According to a shocking report released Thursday by the Department of Justice, agents of the Drug Enforcement Administration engaged in "sex parties" with prostitutes hired by drug cartels in Colombia. The Inspector General's report also alleges that a foreign officer provided protection for the DEA agents' weapons during the parties, and that three agents in particular "were provided money, expensive gifts, and weapons from drug cartel members."
The cartel-funded parties took place over a period of several years in agents' government-leased quarters, creating potential security risks. Seven of the 10 agents implicated ultimately admitted to attending the parties, according to the report. The DEA responded by imposing penalties ranging from a two-day suspension to a 10-day suspension.
"The allegations set forth in today's DOJ OIG report are truly stunning," Congressman Jason Chaffetz, the chairman of the House Oversight and Government Reform Committee, said in a statement Thursday. "Let there be no mistake this is a national security threat. While the vast majority of employees do quality work, the bad apples highlighted in the report taint their service. We need to hold them accountable and, given the clear evidence in the OIG report, they should be fired immediately."
"The misconduct occurred for several years while these special agents held Top Secret clearances."'
A White House official said in a brief statement that "the President expects nothing less than complete professionalism from all of our federal workers, and has zero tolerance for any sexual misconduct -- especially from those who have the responsibility of enforcing the law. The President expects the Department of Justice to address this serious issue in a swift and thorough manner."
The Inspector General's report, which was conducted to assess sexual misconduct and harassment allegations made against employees of the Justice Department's four law enforcement agencies, looked at claims made against Bureau of Alcohol, Tobacco, Firearms and Explosives (ATF); the Drug Enforcement Administration (DEA); the Federal Bureau of Investigation (FBI); and the United States Marshals Service (USMS). The report specifically cites the DEA and FBI for not fully cooperating with the investigation.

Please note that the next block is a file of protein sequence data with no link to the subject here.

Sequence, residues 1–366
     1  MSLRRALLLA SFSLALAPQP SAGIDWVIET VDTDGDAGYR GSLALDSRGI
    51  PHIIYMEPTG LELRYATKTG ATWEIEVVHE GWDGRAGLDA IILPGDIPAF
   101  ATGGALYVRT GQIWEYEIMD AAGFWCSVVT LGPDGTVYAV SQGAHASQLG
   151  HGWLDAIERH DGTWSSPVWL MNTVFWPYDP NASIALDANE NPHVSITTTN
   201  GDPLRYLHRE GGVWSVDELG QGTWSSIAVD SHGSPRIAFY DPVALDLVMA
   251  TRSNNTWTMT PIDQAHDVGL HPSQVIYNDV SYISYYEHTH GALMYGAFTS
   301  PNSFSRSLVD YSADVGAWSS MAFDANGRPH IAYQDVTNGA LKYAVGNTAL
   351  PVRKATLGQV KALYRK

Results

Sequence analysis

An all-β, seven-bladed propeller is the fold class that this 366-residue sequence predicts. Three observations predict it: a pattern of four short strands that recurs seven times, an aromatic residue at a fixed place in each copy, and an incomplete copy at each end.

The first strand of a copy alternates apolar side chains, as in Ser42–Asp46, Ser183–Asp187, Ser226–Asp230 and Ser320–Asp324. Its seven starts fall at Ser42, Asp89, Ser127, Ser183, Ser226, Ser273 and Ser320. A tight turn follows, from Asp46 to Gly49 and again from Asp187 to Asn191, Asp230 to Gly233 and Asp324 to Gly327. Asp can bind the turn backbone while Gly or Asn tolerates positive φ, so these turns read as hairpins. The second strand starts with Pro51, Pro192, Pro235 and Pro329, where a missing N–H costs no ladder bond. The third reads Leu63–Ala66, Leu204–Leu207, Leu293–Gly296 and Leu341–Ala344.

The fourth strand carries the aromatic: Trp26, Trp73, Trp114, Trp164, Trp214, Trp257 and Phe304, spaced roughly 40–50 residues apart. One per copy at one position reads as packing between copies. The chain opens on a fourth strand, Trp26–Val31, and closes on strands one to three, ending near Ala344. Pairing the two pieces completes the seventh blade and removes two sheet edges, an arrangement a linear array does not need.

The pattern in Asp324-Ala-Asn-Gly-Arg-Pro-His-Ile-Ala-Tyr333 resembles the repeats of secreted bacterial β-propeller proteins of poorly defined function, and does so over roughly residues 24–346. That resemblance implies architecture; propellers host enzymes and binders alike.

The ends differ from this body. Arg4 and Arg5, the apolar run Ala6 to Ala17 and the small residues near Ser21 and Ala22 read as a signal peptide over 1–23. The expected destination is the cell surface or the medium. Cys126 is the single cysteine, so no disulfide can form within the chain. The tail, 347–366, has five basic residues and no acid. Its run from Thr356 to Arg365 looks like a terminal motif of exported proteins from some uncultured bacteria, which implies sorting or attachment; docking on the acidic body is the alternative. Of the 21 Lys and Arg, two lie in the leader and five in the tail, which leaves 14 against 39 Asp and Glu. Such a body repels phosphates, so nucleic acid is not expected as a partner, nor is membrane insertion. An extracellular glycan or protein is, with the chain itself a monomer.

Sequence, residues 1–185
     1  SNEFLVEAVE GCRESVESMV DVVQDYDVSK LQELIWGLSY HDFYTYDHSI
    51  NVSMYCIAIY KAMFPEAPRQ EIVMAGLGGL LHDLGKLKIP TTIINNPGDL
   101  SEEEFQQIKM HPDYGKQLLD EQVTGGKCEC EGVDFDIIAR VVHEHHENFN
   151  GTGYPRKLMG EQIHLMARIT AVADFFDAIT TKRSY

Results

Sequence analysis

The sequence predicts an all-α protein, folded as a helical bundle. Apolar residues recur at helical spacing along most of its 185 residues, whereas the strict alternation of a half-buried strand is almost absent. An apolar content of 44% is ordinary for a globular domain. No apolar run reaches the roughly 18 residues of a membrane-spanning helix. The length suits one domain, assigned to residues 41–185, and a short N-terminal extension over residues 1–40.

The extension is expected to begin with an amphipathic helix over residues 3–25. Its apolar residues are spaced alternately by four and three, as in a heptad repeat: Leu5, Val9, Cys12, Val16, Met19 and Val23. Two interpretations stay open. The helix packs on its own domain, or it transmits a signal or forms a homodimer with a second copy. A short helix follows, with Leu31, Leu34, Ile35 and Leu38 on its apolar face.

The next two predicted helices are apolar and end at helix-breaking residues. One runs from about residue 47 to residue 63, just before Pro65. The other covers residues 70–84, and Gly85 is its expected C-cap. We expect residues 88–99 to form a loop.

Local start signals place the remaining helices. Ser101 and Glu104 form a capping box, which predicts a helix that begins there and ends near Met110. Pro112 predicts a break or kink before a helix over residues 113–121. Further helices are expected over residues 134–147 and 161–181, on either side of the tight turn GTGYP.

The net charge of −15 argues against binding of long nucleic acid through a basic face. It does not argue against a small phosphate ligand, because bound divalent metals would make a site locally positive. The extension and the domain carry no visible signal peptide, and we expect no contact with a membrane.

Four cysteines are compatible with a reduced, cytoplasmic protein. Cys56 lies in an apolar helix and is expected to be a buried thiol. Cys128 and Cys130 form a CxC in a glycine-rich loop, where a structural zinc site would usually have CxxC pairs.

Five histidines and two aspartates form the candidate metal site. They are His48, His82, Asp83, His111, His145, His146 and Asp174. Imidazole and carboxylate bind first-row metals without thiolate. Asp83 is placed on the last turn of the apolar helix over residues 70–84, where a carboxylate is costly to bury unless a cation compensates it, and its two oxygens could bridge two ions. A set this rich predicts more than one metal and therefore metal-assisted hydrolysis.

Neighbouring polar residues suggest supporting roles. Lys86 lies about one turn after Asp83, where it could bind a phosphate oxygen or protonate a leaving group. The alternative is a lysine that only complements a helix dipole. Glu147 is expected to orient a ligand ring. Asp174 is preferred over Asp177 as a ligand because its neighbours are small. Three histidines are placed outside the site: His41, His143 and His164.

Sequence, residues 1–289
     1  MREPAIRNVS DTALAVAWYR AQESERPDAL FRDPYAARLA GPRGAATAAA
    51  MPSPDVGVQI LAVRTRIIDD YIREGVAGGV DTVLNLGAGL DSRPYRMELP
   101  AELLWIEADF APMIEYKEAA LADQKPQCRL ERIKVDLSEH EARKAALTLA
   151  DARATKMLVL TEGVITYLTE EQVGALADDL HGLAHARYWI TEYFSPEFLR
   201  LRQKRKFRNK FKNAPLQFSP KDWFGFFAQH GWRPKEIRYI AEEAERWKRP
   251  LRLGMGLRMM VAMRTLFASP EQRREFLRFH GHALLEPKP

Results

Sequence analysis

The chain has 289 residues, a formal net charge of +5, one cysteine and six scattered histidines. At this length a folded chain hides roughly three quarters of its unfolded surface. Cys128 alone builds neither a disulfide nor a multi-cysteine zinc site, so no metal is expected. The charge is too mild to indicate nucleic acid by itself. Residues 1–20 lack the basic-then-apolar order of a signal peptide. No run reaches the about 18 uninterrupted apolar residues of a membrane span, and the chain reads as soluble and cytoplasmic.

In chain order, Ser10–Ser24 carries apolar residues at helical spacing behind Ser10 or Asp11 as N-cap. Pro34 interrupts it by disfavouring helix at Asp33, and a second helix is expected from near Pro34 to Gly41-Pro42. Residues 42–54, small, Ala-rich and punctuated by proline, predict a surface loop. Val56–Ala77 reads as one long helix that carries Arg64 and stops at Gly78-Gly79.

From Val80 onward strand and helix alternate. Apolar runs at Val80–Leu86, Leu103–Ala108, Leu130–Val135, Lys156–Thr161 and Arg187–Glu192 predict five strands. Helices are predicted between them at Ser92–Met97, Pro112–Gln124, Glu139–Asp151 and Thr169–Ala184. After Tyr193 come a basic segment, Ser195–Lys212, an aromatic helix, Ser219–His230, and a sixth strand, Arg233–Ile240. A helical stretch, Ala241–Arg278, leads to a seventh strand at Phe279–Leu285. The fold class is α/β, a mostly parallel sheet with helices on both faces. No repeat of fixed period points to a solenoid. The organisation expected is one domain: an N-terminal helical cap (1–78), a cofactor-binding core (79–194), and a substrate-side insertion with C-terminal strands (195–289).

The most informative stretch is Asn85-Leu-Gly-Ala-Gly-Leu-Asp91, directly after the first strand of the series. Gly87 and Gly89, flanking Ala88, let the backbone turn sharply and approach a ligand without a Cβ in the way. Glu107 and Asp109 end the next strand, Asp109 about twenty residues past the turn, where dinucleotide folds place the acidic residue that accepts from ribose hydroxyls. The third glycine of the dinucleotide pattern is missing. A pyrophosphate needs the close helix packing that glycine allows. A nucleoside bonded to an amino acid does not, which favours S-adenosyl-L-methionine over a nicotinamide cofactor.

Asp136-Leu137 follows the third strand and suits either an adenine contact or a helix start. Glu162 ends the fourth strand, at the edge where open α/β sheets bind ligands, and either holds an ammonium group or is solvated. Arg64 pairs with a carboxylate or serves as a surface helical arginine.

The allegations of sexual misconduct are not the first to hit a federal law enforcement agency. In 2012, eight Secret Service agents were fired in the wake of revelations that they solicited prostitutes in Cartagena, Colombia, ahead of a visit by President Obama. A Justice Department investigation found that two DEA agents arranged an encounter between a prostitute and a Secret Service officer.
Later, a U.S. Department of Homeland Security official who investigated the 2012 scandal resigned in August 2014 after allegedly being questioned about hiring a prostitute in Florida. The official, David Nieland, denied the allegations in an emailed message to The New York Times, which first broke the story, and declined at the time to answer additional questions posed by NBC News.
"The gross misconduct of DEA agents follows a disturbing pattern of risky and improper behavior afflicting Homeland Security and the Department of Justice," Rep. Chaffetz, a Utah Republican, said Thursday in response to the latest scandal. "We need to weed out those who risk our national security, embarrass the country, and skirt the law. We need to find the root of the culture and management problems inside these agencies that allow such behavior to be left unchecked. This needs to end. "